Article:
General

What format does the SVI take?

The AAMC Standardized Video Interview is an on-line, unidirectional interview that consists of six questions presented in text prompts to which applicants record audio/video responses. Applicants can complete the interview using any internet-enabled computer, tablet or smart phone. Applicants have up to 30 seconds to read and reflect on each question and up to three minutes to respond to each question.

What format does the SVI take?

The AAMC Standardized Video Interview is an on-line, unidirectional interview that consists of six questions presented in text prompts to which applicants record audio/video responses. Applicants can complete the interview using any internet-enabled computer, tablet or smart phone. Applicants have up to 30 seconds to read and reflect on each question and up to three minutes to respond to each question.

What is the timeline for the SVI operational pilot?

  • February 2018: Preparation materials become available
  • May 1, 2018: Applicants who wish to request an accommodation may begin submitting the required paperwork
  • Early June 2018: MyERAS portal opens; applicants register by indicating intent to apply in emergency medicine
  • Early June - July 15, 2018: the Interview Window; rolling emails sent to applicants within 24 hours of their MyERAS indication of interest in emergency medicine inviting them to complete the video interview online
  • July 15, 2018, 11:59 p.m. ET: Deadline to complete the Standardized Video Interview
  • August 30, 2018: Deadline to submit a Request for Extension
  • Sept. 1, 2018 (expected): Scores made available to applicants and medical schools (with applicants' permission)
  • Sept. 15, 2018, at 11:59 p.m. ET: Deadline to complete the Standardized Video Interview for all granted extension requests and retakes
  • Sept. 15, 2018 (expected): For applicants who completed the Standardized Video Interview by July 15 at 11:59 p.m. ET, scores and access to videos will be made available to programs based on whether the applicant has released the ERAS application to the program
  • Oct. 15, 2018 (expected): For applicants who completed the Standardized Video Interview by Sept. 15 at 11:59 p.m. ET, scores and access to videos will be made available to programs based on whether the applicant has released the ERAS application to the program; scores will also be made available to the applicant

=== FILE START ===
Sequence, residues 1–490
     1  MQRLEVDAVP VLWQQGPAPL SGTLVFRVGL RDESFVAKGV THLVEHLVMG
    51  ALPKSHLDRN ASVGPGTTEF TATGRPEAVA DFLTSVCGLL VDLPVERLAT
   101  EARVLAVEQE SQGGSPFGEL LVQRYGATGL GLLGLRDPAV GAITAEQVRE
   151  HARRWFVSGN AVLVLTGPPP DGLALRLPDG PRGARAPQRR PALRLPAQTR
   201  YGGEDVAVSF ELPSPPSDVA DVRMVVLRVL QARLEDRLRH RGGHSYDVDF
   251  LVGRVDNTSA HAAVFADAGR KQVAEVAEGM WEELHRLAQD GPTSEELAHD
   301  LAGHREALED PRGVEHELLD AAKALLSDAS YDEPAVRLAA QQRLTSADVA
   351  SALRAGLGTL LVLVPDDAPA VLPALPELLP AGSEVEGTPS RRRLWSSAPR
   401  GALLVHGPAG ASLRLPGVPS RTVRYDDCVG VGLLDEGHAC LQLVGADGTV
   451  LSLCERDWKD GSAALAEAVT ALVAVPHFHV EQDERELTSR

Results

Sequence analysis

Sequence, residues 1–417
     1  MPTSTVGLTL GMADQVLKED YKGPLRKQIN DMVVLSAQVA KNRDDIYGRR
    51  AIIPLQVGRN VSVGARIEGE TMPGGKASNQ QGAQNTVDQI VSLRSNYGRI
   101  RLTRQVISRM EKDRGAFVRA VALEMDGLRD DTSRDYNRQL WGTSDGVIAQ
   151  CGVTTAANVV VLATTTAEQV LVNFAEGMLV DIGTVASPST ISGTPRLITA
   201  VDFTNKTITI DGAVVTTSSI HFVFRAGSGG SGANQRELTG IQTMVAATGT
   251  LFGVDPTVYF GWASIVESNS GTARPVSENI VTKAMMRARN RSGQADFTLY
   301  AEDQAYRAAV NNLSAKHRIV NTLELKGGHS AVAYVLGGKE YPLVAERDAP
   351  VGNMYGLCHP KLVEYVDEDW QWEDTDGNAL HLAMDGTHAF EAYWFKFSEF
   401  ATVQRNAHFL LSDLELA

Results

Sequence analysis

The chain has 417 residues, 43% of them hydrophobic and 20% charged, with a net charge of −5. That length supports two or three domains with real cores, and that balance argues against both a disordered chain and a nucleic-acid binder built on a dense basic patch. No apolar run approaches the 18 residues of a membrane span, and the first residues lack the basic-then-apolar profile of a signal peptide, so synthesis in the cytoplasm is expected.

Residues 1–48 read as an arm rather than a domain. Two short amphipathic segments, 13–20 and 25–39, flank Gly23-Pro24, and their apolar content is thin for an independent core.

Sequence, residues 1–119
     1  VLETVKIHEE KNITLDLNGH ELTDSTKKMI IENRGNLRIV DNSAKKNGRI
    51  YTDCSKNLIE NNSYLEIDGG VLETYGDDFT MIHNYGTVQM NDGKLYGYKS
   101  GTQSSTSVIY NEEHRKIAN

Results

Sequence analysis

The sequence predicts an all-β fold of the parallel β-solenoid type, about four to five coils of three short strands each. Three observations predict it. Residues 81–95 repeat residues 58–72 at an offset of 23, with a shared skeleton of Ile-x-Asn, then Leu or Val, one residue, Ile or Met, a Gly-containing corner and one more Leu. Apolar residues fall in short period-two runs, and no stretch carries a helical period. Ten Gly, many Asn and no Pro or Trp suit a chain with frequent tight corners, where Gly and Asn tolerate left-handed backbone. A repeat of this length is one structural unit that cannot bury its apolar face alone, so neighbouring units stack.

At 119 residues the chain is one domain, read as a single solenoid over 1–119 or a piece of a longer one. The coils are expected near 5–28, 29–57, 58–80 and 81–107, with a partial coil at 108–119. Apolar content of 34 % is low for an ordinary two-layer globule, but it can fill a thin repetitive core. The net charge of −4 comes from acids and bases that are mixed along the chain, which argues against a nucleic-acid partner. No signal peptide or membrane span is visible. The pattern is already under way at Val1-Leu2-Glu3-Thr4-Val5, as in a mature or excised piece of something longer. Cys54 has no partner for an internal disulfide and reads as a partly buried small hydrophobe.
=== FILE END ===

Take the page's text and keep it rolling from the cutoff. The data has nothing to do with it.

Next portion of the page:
What is the timeline for the SVI operational pilot?

  • February 2018: Preparation materials become available
  • May 1, 2018: Applicants who wish to request an accommodation may begin submitting the required paperwork
  • Early June 2018: MyERAS portal opens; applicants register by indicating intent to apply in emergency medicine
  • Early June - July 15, 2018: the Interview Window; rolling emails sent to applicants within 24 hours of their MyERAS indication of interest in emergency medicine inviting them to complete the video interview online
  • July 15, 2018, 11:59 p.m. ET: Deadline to complete the Standardized Video Interview
  • August 30, 2018: Deadline to submit a Request for Extension
  • Sept. 1, 2018 (expected): Scores made available to applicants and medical schools (with applicants' permission)
  • Sept. 15, 2018, at 11:59 p.m. ET: Deadline to complete the Standardized Video Interview for all granted extension requests and retakes
  • Sept. 15, 2018 (expected): For applicants who completed the Standardized Video Interview by July 15 at 11:59 p.m. ET, scores and access to videos will be made available to programs based on whether the applicant has released the ERAS application to the program
  • Oct. 15, 2018 (expected): For applicants who completed the Standardized Video Interview by Sept. 15 at 11:59 p.m. ET, scores and access to videos will be made available to programs based on whether the applicant has released the ERAS application to the program; scores will also be made available to the applicant

How did the AAMC decide on the SVI interview window?

In order to provide sufficient time to review and rate interview responses and to deliver Standardized Video Interview scores to program directors when the ACGME-accredited Emergency Medicine residency programs start receiving applications in September, the interview window is set for early-June, at 9 a.m. ET to July 15, 2018, at 11:59 p.m. ET.

How did the AAMC decide on the SVI interview window?

In order to provide sufficient time to review and rate interview responses and to deliver Standardized Video Interview scores to program directors when the ACGME-accredited Emergency Medicine residency programs start receiving applications in September, the interview window is set for early-June, at 9 a.m. ET to July 15, 2018, at 11:59 p.m. ET.

Will the SVI replace the in-person interview?

No, the Standardized Video Interview will not replace in-person interviews. It was designed to provide easy-to-use and standardized information about applicants’ Knowledge of Interpersonal and Communication Skills and Professional Behavior for programs to use when making decisions about whom to invite for the in-person interview. The SVI is intended to broaden the pool of applicants invited to the in-person interview.

Will the SVI replace the in-person interview?